Dietary Management for Pets with Diabetes
Tips for Feeding Diabetic Pets
If your pet suffers from diabetes, you are probably feeling overwhelmed about how to feed your pet a correct diet. The first step toward developing a correct diet for a pet with diabetes mellitus is to understand the disease.
Diabetes is caused when the pet has a deficiency of insulin or when it develops a resistance to insulin. This causes the cells to be unable to absorb the sugars in the blood and provide them with energy. As a result, the sugar stays in the blood stream and causes the glucose levels to be too high in the blood and in the urine.
Certain pets are more prone to developing diabetes. For example, female dogs suffer from the disease more than male dogs. Breeds such as Keeshounds, Dachshunds, Miniature Pinschers, Cairn Terriers, Miniature Poodles and Pulis are all more likely to develop diabetes. There is no particular breed of cat that is more likely to develop the disease.
- Creating a Feeding Schedule
For pets with diabetes, it is important to feed the same amount of food at the same time every day. It is also important to keep in mind that certain foods, for example, sweet potatoes and carrots, tend to be digested more slowly than other foods. Therefore, these foods are a better choice for pets than those filled with simple carbohydrates, for instance, wheat flour and rice flour. Packaged foods high in sugar should be avoided with diabetic pets.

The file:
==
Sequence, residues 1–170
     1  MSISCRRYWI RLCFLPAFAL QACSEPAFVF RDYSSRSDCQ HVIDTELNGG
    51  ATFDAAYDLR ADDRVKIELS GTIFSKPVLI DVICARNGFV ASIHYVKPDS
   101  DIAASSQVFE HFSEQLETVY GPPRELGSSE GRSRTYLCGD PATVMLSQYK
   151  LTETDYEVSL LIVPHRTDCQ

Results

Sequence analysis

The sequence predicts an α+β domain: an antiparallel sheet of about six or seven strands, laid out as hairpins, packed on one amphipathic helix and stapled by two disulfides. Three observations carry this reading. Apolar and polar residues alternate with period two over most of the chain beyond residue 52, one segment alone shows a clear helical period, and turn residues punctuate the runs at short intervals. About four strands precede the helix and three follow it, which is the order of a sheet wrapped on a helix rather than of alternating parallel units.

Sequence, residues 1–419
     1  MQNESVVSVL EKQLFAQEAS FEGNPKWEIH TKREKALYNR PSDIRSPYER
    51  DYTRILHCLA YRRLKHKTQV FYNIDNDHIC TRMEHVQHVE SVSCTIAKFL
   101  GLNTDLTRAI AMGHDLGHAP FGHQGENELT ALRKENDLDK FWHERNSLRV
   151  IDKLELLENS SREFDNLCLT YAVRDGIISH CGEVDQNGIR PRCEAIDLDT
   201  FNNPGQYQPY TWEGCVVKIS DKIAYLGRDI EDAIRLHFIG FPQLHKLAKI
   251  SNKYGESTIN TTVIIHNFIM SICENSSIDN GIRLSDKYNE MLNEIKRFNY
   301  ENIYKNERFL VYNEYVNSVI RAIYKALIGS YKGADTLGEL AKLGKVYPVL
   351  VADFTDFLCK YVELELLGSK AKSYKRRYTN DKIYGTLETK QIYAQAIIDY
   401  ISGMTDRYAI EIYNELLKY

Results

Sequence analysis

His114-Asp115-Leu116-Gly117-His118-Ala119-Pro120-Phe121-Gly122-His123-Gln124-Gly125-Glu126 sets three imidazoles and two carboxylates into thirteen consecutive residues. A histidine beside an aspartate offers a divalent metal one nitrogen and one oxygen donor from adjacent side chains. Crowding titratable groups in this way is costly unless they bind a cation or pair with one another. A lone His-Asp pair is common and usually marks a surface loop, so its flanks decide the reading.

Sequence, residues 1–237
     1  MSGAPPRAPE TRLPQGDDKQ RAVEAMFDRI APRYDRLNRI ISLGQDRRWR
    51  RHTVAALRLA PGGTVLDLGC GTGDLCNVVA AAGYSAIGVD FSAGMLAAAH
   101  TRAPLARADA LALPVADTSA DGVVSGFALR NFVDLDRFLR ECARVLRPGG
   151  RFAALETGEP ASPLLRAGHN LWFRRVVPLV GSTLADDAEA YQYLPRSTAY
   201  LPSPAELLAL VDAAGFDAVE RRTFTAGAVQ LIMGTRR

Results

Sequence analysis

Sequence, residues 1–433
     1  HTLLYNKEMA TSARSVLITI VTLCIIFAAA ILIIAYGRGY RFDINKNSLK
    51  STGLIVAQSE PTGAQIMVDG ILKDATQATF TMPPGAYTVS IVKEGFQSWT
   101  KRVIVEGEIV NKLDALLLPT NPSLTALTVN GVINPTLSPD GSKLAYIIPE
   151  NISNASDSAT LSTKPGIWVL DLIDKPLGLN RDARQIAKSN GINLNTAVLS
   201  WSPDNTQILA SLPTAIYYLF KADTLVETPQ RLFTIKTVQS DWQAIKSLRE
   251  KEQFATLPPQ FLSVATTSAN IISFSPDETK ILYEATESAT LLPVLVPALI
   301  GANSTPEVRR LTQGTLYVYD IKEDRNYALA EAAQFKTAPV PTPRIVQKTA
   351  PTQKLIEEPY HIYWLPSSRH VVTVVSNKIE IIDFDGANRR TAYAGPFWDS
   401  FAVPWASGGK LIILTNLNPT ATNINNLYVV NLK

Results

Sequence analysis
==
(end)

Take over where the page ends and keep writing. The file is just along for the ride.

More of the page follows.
Diets that are high in protein and low in carbohydrates, for example, the Atkins Diet followed by some humans, are sometimes beneficial for pets with diabetes. Many also benefit from a diet that is high in dietary fiber because the fiber helps prevent blood glucose levels from rising too high after eating. The fiber also helps the pet’s body produce short-chain fatty acids. The liver uses this acid in order to control blood sugar levels.
In addition, pets with diabetes generally require a regular insulin injection schedule in order to stay healthy. This insulin needs to be prescribed by the veterinarian. Also, research has indicated that Omega 3 fatty acids can help keep diabetes under control.